In my work as an adjunct instructor, I work with students from lots of differing situations, but some of the most interesting are immigrants to our country. Many of them are just so appreciative for the opportunities that Americans have. I remember one gentleman, originally from Romania, who came over a couple of decades back, beginning with nothing but some work ethic. At first he made his living doing odd jobs. He worked his way into owning his own construction business, and he and his wife raised their family through hard work and savvy real estate deals. At our college, he was working on his HVAC (that’s heating and air-conditioning) certification, as he wanted to open an HVAC business so he could scale back doing difficult construction work as he aged. Being a very smart business man, he said that in the south making money on repairing air conditioning was a sure thing! One day at the end of our class, he spend probably half an hour, telling all of us about what a wonderful country we were living in, because he could never do all that he was doing in the economically and socially constricted country of his birth. It was quite refreshing. Sometimes, caught up in the polarized morass of modern media, Americans forget just how wonderful our country is, and how it differs from others.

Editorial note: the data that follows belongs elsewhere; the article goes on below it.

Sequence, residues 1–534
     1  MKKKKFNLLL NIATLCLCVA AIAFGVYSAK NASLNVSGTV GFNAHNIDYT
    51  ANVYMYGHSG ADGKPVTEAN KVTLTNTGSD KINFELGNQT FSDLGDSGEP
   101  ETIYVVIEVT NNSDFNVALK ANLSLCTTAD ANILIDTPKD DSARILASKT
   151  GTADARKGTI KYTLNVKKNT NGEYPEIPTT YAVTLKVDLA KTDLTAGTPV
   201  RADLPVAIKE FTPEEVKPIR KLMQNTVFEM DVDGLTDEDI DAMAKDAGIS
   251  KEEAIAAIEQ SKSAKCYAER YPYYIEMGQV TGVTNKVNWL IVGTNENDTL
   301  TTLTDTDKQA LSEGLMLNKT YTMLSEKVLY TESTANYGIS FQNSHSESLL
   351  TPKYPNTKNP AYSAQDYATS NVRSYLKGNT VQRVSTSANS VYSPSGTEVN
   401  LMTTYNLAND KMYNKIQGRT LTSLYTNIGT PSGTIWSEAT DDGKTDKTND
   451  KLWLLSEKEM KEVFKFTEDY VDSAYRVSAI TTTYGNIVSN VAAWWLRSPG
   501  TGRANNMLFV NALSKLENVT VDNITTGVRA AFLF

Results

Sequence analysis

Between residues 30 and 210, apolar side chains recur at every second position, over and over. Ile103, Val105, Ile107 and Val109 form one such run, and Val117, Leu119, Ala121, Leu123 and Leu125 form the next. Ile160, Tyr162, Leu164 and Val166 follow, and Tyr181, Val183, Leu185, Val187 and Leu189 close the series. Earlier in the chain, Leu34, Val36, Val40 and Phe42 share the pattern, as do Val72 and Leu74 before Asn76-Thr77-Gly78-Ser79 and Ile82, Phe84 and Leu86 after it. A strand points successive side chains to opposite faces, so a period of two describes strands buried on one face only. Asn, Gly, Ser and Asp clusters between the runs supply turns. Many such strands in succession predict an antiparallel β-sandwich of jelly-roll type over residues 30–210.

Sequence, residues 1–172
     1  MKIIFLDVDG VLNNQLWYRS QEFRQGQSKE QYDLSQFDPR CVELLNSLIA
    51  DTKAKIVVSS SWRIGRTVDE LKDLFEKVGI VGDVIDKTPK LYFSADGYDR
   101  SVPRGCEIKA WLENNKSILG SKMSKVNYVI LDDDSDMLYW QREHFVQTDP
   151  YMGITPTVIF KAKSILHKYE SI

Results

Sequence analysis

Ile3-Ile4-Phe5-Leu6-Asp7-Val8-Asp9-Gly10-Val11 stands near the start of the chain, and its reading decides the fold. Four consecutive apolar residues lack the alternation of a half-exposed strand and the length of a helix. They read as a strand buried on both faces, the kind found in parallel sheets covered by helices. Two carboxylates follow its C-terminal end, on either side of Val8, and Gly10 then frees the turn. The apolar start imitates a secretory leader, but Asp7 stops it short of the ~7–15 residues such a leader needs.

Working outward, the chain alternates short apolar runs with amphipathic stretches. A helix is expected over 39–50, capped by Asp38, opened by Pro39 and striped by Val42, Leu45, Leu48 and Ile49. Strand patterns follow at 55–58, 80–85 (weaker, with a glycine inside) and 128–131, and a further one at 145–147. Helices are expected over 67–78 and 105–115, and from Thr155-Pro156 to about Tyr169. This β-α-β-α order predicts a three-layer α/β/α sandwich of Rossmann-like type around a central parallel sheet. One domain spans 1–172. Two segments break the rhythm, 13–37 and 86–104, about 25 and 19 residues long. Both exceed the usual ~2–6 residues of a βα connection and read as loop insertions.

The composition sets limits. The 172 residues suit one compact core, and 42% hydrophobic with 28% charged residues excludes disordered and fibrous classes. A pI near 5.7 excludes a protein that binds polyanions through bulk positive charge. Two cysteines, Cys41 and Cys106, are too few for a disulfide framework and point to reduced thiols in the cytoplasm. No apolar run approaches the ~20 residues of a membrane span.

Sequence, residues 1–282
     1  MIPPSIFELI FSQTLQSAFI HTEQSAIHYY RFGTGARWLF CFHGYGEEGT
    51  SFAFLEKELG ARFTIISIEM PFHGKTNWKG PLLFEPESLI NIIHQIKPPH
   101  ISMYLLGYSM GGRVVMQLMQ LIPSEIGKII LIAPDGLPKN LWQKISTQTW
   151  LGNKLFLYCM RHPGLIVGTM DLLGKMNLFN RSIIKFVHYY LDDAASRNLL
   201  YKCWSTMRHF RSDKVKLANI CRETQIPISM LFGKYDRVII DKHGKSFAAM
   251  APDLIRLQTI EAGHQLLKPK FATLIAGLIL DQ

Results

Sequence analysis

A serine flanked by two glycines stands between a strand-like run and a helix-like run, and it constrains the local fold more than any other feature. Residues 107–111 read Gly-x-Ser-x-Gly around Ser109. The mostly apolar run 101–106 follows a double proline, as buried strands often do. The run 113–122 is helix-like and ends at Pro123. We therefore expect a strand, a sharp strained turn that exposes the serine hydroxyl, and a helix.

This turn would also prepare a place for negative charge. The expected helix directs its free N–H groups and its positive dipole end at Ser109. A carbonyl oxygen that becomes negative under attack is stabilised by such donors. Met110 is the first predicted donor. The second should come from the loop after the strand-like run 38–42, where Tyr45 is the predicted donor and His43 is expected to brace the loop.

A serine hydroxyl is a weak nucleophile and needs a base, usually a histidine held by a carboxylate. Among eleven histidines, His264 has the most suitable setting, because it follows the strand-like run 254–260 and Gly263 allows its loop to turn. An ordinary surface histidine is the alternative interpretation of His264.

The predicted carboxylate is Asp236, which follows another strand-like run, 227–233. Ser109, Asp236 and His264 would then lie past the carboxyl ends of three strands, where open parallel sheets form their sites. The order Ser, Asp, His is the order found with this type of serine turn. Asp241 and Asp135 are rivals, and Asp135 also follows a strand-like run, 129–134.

When I mentioned that it can be difficult teaching young children about our country, one mother of youngsters mentioned that when they are driving in the car, her kids count flags. Regardless of the destination, they look for the red, white, and blue symbol of our great country. That, too, is a great way to begin celebrating the good ol’ US of A.
Happy American Independence Day, y’all.
Quite a long time back, I went to Weight Watchers and lost a goodly amount of weight, but I didn’t reach any goal. My thought at the time was that I had learned so much that I would be able to maintain my loss, and for a time I was somewhat successful. Fast forward a decade plus, and I was shopping the big girl’s section, which wasn’t much fun. Also, I became seriously concerned about the health effects of carrying so much extra weight around.